There is one reason I wrote this sentence and one reason you are reading it.
Whether you write a blog or a book or an academic essay or a letter to the editor or a diary or a love letter, you write for you. If you didn’t want to express it, you wouldn’t write it.
Ditto for reading. If you didn’t want to read any of the above, you would find something else to do.
I write this because I want to challenge you to consider the difference between words targeted for yourself, words targeted for readers, and words targeted for machines. Seth Godin is one of the masters of writing one-word headlines like Slick that draw readers into the rest of the content. He could write a search engine optimized title, like Why Production Values Should Be Slick, but that’s not his style and he cares little about appeasing machines.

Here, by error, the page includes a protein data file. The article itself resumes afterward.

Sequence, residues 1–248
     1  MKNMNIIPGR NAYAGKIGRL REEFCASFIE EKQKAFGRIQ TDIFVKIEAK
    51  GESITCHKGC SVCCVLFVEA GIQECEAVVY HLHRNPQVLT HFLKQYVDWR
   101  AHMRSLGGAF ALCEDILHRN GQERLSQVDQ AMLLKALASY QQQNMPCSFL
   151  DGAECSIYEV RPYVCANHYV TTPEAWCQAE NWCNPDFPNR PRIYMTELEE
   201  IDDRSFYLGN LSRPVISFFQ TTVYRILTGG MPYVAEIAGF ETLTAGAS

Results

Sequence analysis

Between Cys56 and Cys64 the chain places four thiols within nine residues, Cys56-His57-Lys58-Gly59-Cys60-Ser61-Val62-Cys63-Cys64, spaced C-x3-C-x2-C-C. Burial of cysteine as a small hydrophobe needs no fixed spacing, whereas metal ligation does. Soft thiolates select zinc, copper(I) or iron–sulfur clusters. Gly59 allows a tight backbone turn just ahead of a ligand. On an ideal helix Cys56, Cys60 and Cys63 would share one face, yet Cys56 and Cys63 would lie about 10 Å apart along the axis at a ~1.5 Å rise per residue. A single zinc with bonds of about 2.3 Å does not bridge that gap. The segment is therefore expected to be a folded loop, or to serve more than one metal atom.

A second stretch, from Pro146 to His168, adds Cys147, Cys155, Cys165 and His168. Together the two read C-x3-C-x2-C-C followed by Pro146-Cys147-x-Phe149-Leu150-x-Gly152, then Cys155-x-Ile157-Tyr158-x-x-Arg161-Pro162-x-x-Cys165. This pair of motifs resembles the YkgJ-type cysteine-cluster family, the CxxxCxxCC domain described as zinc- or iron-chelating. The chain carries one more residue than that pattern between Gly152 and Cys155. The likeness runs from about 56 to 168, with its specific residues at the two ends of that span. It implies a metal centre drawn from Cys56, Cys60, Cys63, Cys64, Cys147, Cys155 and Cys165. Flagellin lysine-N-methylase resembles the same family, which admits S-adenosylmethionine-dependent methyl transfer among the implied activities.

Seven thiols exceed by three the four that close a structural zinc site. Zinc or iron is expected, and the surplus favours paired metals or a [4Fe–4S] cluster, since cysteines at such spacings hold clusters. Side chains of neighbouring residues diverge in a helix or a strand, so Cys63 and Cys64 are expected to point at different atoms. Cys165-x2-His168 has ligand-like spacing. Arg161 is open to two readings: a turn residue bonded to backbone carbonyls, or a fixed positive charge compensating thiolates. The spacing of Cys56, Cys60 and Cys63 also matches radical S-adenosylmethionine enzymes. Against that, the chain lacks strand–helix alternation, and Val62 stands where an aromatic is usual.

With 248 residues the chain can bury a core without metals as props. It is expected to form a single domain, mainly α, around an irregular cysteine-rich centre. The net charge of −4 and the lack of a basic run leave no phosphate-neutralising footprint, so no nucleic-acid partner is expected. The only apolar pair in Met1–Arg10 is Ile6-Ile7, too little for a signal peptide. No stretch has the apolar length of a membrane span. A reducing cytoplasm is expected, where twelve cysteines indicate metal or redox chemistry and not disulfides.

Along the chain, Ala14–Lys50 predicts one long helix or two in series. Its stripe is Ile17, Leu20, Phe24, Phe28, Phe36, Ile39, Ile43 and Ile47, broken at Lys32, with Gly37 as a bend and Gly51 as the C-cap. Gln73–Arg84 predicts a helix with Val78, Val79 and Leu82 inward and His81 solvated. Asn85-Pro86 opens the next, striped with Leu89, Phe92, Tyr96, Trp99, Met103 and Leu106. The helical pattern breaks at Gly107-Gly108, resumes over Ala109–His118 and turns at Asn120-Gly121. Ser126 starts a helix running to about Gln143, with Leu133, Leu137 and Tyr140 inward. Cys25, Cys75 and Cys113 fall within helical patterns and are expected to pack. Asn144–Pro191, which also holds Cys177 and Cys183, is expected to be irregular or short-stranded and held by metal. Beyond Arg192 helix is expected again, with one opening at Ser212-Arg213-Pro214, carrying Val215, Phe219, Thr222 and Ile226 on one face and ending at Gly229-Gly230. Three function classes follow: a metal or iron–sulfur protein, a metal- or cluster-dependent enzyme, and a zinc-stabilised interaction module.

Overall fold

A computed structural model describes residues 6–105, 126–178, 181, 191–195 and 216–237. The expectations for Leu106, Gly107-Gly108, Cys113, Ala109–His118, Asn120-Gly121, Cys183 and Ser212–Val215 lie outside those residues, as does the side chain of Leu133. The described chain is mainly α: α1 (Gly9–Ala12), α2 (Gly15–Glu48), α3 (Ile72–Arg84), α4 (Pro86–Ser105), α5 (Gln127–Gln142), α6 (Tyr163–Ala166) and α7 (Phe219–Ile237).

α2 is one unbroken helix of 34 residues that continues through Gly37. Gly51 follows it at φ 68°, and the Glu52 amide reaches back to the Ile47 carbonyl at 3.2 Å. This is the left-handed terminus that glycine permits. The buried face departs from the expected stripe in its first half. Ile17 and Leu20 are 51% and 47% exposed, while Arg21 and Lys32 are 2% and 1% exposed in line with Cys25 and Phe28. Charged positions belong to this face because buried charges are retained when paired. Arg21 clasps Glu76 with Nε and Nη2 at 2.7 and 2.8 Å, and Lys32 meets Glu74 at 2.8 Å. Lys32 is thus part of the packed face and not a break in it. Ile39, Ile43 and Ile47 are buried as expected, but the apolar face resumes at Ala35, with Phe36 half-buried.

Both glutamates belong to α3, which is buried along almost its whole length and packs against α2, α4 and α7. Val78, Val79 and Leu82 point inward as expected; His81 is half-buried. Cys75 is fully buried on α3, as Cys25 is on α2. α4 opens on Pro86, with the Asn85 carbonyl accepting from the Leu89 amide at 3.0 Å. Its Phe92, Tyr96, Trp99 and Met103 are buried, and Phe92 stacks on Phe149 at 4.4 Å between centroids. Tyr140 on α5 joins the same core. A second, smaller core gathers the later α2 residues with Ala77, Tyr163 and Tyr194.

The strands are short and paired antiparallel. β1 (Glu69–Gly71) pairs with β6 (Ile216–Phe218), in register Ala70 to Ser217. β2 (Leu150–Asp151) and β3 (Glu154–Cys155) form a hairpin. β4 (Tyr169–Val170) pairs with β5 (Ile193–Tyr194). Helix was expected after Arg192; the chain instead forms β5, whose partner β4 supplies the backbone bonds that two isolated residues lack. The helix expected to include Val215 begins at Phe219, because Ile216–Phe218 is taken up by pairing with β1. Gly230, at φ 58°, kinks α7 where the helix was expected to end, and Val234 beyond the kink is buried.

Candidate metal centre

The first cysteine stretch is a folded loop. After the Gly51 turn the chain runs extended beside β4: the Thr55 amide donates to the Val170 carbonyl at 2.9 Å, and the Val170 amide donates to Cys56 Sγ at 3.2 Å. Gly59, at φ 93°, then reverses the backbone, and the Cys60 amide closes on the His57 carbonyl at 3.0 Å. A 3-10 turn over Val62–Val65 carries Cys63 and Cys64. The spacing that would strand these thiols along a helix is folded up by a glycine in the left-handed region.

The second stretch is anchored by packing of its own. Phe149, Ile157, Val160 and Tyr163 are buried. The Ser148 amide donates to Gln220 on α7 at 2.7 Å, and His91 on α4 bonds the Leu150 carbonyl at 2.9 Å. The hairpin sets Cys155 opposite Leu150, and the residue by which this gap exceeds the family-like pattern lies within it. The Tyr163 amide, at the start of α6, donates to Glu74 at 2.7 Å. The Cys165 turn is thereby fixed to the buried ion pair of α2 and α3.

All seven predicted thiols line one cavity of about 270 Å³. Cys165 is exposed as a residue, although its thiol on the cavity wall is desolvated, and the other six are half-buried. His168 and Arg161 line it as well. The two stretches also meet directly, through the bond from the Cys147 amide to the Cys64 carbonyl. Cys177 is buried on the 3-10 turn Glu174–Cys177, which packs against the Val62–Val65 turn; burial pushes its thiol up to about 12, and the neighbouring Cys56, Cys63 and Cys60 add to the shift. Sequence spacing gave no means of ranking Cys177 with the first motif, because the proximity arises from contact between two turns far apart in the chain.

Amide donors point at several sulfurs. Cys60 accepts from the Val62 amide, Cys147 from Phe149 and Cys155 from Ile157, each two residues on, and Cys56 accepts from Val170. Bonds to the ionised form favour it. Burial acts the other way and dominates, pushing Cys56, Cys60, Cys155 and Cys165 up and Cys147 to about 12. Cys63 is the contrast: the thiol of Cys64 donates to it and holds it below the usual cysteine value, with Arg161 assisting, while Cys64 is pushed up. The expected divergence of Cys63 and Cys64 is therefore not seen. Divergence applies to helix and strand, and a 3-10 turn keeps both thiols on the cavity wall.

So what if a search engine spider is confused by your headline? So what if a bookstore can’t figure out the best category shelf for your book? So what if your love letters are written in blue ink some days, black ink others, and sealed with a kiss on Sundays? The only thing that’s important is the consistency that you write this and read that because you want to do it.
The moment you stop doing something because you are not passionate about doing it is the moment you need to step back, breathe, and refocus. The moment the stuff you do is answerable to someone else is the moment you cease being you.